There are a number of medical student characteristics and experiences that are known to guide medical training and ultimately impact on the nature and location of their specialty choices. [4-8] This includes demographic characteristics such as gender, background (rural or urban origin), personal and family factors (whether a student has a partner or children), education, personality and interests.  Previous research has indicated a pattern of gender distribution amongst medical specialties, where women are more likely to choose general practice and men are more likely to enter other specialist careers (such as surgery, which remains a very male-dominated field).  Similarly, male doctors tend to place a higher emphasis on financial remuneration and women are generally more concerned about working hours and flexibility of practice.  The perceived prestige and lifestyle factors associated with certain specialties plays a significant role in specialisation choice. [8,10-12] Clinical exposure to specialty fields is key in influencing some of these preconceived views. [10,13]
It is well documented that there is a significant shortage and maldistribution of doctors in remote and rural Australia, reflecting an increasing awareness that this inadequacy of healthcare needs to be addressed in these communities. [5,6,8-10,12,14-19] Only 23% of Australian doctors practise in places of significant workforce need, where the number of doctors per head of population is 54-65% of that in metropolitan areas.  Although programs, research and government incentives have been introduced over the past 20 years to address these problems, the Rural Doctors Association of Australia has reported that less than 5% of medical school graduates have taken up rural practice in the last 15 years and the majority of doctors working in rural areas are international medical graduates on restricted provider numbers. [12,19,20]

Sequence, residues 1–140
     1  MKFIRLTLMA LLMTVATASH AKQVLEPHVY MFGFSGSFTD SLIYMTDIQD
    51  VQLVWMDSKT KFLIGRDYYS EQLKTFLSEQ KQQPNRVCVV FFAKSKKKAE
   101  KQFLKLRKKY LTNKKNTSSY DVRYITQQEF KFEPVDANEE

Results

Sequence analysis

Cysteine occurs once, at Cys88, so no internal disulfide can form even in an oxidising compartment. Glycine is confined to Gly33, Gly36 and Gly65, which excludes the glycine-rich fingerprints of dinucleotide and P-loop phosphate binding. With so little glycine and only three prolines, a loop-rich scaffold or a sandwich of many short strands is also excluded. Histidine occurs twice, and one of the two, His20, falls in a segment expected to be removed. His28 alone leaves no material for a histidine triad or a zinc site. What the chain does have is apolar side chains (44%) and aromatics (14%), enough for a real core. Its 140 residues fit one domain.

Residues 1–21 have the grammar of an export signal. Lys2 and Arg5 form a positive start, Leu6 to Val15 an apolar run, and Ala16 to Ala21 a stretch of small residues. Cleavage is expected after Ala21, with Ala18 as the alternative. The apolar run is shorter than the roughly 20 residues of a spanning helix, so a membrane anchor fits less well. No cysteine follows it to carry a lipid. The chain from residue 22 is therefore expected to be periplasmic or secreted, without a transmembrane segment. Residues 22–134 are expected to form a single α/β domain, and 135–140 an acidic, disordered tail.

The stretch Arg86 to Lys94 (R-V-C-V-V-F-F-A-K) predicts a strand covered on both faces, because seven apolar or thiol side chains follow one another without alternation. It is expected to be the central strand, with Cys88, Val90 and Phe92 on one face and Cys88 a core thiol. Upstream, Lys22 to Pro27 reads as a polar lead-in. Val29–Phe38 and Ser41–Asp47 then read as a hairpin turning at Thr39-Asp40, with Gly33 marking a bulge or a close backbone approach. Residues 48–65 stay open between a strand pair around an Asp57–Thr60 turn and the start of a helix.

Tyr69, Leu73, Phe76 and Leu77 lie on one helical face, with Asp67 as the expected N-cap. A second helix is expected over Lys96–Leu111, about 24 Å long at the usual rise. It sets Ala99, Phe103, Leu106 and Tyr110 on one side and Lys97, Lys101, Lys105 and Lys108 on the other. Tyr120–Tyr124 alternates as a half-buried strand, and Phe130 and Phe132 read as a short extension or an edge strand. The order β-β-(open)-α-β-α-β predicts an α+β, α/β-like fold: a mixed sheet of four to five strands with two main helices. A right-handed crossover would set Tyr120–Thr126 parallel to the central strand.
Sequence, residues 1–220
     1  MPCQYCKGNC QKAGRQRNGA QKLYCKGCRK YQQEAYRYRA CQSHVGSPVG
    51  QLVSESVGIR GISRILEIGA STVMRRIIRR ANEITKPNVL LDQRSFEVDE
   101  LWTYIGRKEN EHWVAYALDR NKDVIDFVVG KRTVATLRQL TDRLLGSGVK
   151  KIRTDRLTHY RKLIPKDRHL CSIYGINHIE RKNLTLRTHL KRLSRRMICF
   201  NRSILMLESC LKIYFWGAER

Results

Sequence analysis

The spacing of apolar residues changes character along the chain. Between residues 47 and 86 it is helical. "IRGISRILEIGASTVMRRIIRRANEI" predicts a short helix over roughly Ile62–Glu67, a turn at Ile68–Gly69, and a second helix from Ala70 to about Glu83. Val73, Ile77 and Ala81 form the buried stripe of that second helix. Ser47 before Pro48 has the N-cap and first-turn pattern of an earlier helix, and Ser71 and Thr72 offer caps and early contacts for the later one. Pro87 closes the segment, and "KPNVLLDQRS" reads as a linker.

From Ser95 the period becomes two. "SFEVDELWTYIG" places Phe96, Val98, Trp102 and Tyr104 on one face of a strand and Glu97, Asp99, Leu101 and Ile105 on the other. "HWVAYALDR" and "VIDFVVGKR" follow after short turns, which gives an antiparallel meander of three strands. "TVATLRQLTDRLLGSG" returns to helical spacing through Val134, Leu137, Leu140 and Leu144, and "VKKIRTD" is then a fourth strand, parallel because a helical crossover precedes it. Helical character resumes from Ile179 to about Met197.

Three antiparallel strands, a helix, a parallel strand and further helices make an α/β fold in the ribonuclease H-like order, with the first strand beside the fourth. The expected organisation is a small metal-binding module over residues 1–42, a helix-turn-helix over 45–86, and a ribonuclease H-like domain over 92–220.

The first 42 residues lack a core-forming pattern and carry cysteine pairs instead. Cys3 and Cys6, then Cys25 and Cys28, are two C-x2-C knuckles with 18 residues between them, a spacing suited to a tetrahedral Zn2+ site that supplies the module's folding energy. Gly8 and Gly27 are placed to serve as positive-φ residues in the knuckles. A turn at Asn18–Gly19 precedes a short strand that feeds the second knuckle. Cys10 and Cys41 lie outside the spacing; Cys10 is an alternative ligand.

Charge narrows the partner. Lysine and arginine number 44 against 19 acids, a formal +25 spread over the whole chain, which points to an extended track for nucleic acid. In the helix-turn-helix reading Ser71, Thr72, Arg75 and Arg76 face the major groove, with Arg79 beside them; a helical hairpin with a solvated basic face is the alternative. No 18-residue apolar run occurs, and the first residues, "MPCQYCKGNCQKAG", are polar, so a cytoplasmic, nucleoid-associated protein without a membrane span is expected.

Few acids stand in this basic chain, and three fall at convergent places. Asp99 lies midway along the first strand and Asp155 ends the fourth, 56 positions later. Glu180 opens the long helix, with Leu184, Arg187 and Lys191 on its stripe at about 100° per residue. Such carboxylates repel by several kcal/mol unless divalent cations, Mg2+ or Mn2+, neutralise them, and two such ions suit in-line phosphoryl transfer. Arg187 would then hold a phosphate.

Among the many factors that influence medical students to take up rural practice after graduation, the strongest indicator is a rural background, closely followed by positive rural placements. [5,9,15,16,20,21] Rural-practicing doctors are two to four times more likely to be of rural background than those practising in urban areas.  However, between 34% – 67% of rural doctors originate from urban backgrounds which is attributed in part to students’ rural clinical exposure through scholarships and placements such as the John Flynn Placement Program and the Rural Undergraduate Support and Coordination (RUSC) funded rural experience. [5,22] Training opportunities such as Rural Clinical Schools are also effective in influencing students towards a rural career by allowing students to experience the benefits of rural life first-hand whilst providing effective and innovative medical education. [7,22,23] Now many programs are available for medical students that offer exposure to rural practice. [6,12,17,23,24]